Bristol indie trio Cautioners were brought to my attention this week, described as suitable for fans of Death Cab For Cutie and The Get Up Kids. Conditional Identity is their first EP and shockingly, they are yet to play a live show. Despite this, they have got themselves a great reputation in Bristol and the release of the EP is something that a lot of people have been eagerly anticipating.
They have already racked up a BBC Introducing appearance and a rave review from music site, Already Heard who said of them: “fantastic flag bearers for new music emerging in Bristol”. With all that praise, the record should be a winner.
Beginning with Staging Area which has a slow acoustic and drawling vocals. It is quite dirgey sounding but thankfully, it kicks up a little just before the two minute mark into a slightly alternative rock instrumental. A soft piano in the back is quite lullaby like and the repetitive backing plods on until the end with a violin thrown in. So many layers are at play and it really is an interesting track.
Moving on to The Build Up which has a strong funky drum beat and a gritty guitar with whispery vocals over the top. There is a definite indie theme instilled in the voice and the pop rhythm makes it a bit of a commercial, cool track. The most interesting part is definitely the drum which is quite unpredictable and you never know where it’s going to go next. Towards the end, the song gets more rock-based and the chimes at the end leave you with an eerie feeling.
My favourite track on the EP is Iteration V which is melodic indie pop with spooky monotones backing it up. The contrast in emotions makes for a lot of intrigue into what the band are trying to achieve with it. The vocals are very exposed until the drums and bass appear and it does take on a kind of emo tone. Off Piste comes next and it is the only track that uses electronica. It starts by mixing with a haunting organ which is joined by calming, swaying vocals. The instrumental is atmospheric and has to some pretty impressive riffs in it with the electronic spirals darting in between.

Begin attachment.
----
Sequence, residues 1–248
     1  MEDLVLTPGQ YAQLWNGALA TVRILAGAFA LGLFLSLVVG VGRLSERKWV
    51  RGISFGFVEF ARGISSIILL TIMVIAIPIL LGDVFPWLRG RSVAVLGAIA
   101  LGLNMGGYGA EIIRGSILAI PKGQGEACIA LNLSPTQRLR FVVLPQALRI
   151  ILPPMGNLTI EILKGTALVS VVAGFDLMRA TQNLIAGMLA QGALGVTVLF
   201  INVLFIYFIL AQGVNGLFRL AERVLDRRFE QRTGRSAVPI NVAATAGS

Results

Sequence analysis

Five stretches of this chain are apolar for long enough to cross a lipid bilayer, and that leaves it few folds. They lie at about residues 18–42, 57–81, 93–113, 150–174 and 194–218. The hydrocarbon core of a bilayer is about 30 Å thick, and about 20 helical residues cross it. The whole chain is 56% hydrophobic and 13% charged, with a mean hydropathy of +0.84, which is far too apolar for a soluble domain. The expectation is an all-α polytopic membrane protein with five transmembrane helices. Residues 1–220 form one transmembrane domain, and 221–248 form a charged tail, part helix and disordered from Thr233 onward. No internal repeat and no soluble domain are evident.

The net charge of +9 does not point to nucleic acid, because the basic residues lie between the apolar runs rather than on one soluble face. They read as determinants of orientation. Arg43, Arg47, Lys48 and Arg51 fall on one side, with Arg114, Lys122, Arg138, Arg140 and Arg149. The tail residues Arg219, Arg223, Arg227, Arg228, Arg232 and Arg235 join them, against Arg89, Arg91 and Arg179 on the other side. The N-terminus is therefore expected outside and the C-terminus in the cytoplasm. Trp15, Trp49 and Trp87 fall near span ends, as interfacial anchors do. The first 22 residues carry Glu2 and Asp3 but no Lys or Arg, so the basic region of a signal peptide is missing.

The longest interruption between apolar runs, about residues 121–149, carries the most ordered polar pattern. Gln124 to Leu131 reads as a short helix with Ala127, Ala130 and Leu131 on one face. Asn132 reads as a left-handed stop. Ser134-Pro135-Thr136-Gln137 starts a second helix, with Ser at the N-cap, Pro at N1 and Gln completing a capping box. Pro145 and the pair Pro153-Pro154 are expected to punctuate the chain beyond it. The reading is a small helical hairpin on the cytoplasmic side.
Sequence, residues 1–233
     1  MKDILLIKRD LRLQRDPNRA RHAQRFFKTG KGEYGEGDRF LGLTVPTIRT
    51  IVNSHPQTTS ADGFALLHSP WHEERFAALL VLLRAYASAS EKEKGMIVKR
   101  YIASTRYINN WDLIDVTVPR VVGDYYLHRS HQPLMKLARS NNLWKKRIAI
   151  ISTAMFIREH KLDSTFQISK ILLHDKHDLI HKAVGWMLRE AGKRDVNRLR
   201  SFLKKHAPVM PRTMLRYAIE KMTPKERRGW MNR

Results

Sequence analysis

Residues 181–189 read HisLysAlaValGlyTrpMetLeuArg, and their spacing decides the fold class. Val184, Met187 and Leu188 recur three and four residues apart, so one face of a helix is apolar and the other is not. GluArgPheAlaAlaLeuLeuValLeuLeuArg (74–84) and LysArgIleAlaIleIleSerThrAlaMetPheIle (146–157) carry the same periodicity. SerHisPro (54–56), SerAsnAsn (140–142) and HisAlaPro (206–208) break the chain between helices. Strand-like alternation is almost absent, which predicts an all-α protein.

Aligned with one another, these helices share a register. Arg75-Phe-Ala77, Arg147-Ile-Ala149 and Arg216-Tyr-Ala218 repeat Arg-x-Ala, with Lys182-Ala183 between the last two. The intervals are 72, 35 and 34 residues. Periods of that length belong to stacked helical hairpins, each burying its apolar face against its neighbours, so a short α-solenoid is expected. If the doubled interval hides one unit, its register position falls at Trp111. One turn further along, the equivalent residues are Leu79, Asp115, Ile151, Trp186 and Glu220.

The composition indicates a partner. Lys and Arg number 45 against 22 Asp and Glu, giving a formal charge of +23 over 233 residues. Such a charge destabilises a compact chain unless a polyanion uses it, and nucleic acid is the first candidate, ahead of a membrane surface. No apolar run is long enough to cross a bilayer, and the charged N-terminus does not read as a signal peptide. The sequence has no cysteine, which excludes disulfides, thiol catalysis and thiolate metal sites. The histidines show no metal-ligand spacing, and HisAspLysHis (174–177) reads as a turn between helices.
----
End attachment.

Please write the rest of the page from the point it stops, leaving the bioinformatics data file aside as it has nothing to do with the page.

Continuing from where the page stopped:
Perhaps the song that I think could be better is Man Of Science. I think it’s too long a song to be pretty much all on one level and it’s so repetitive. It reminded me of Hoobastank a little bit, (it’s that kind of emotional indie) but on the whole, it was the one that I wanted more from. The closing track Petrichor has a spacey intro mixed with a funky rhythm, which automatically makes it pretty cool. The vocals float through the drum-led backing and when it launches into an alternative instrumental, it changes into a great end track with an eerie piano at the end.
It is a great debut EP with a fair few elements to it. Not the most energetic or lively of records but it is good chill-out music with a lot to say for itself. No doubt their live shows will be huge successes due to the love they’ve already amassed.